The SPRUCE application provides the facilities to prepare biomolecules (i.e. proteins and nucleic acids) for modeling tasks.


The SPRUCE distribution comprises 3 applications:


The SPRUCE program is used for biomolecule preparation, from experimental or modeled structures. The process involves, 1) expansion of the asymmetric unit to the biological unit (if structure is from an X-ray crystallography experiment and it it is necessary), 2) enumeration (default) or collapse of alternate locations, 3) building missing pieces e.g. partial sidechains and capping chain breaks, 4) placement and optimization of hydrogen atoms including tautomer enumeration of ligands and cofactors, as well as evaluation of those tautomer states in the biomolecule structure.


The Superposition program is used to superpose biomolecule structures onto a reference structure. Several different superposition methods are included, that are either based on sequence or secondary structure.


The EnumSites program can be used to enumerate sites from prior bio-design units produced by SPRUCE. This is particularly useful when enumerating potentially allosteric apo sites, that where not known when the structure was prepared the first time - enumeration ensures that the structure is not re-prepared but just focused into a site of interest.


The GetStructure utility program can be used to download biomolecular structure files (PDB, mmCIF, mtz) for downstream prepping with SPRUCE.


Spruce TK is used to process PDB or mmCIF files containing the structures, resulting from X-ray crystallography, Nuclear Magnetic Resonance (NMR) spectroscopy, or electron microscopy (EM) experiments. into molecules usable for molecular modeling. Due to the nature of the experiments and data, some processing is required before use in modeling. SpruceTk provides an end-to-end preparation workflow using the OEMakeDesignUnits API. Options (see OEMakeDesignUnitOptions and associated options classes) are available to control for the desired behavior. Metadata (see OEStructureMetadata) can be supplied to infuse experimental data, like the proper variant sequence and also fix common problems reading from PDB files (e.g. bond order perception). Spruce has a built in Chemical Components Dictionary matching 3-letter residue codes to SMILES, derived from the corresponding one at the RCSB, but curated to fix improper SMILES. The workflow automatically runs through the below steps to produce OEDesignUnit objects:

  1. Biological unit extraction (see OEExtractBioUnits)
  2. If structure is from X-ray, it will also generate packing residues for visualization of crystal contacts
  3. Alternate location assignment or enumeration (see the OEAlternateLocationOption namespace)
  4. Splits the system into components, e.g. identifying ligands, cofactors, excipients.
  5. Building missing side-chains and capping chain breaks (see OEBuildSidechains and OECapTermini)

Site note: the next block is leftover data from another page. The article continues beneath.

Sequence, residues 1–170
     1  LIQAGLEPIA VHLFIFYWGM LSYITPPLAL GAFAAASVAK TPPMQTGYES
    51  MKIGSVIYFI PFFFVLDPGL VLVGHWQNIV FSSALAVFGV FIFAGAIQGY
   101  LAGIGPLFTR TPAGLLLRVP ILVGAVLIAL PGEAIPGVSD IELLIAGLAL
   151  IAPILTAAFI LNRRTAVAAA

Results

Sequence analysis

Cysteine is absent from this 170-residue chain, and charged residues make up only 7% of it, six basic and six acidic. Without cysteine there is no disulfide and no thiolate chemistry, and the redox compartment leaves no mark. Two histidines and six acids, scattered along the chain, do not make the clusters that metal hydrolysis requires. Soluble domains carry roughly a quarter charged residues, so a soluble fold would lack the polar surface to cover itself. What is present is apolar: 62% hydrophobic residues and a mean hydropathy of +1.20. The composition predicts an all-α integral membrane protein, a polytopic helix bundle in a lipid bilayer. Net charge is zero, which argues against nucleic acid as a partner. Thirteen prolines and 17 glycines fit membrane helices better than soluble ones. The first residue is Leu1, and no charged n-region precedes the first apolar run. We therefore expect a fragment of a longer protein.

6. Hydrogen placement and optimization, including searching ligand tautomer states (see OEProtonateDesignUnit)
  7. Assignment of partial charges to the entire system (see OEDesignUnitCharges)
  8. Superposition to a common reference frame (see OEStructuralSuperposition and OESecondaryStructureSuperposition)
  9. An OEInteractionHintContainer encoded for visualization and more
  10. An estimate of the model quality using Iridium [Warren-2012] stored in OEIridiumData


Multiple design units are often produced. This results from multiple biological units generated during step 1, and further expanding that set when enumerating the alternate locations in step 2. The Iridium categorization (see section_sprucetk_iridium_categorization) should be helpful in choosing which (if not all) of the produced units to use in downstream modeling tasks. We find that the Iridium categories are also helpful for managing modeling expectations, having a quality measure of the input data for modeling.


  1. Biological Unit (BU) - the biologically relevant unit for a protein to use in modeling. For example, in Trypsin the BU is a monomer, in HIV Protease the BU is a homo-dimer. See Biological Unit below.
  2. Asymmetric Unit (ASU) - the contents of a PDB or mmCIF file from X-ray contain an asymmetric unit as the output of the experiment. This is sometimes equivalent to the BU, but often requires manipulation to create a correct BU.
  3. Design Unit (DU) - the result of preparation in spruce is a collection of molecules from a single BU, extracted and ready to use for modeling tasks. See Design Unit below for more details.
  4. Alternate locations (alt locs) - X-ray experiments can often contain results with atoms occupying more than one location. Crystallographers denote this with a measure of the amount of time an atom occupies a given set of coordinates. A well resolved atom will have an occupancy of 1.0, meaning that 100% of the time it is in that location. Sometimes, the atom exists in two positions, alternate locations, and these appear in the input file with single letter designations and with occupancy < 1.0.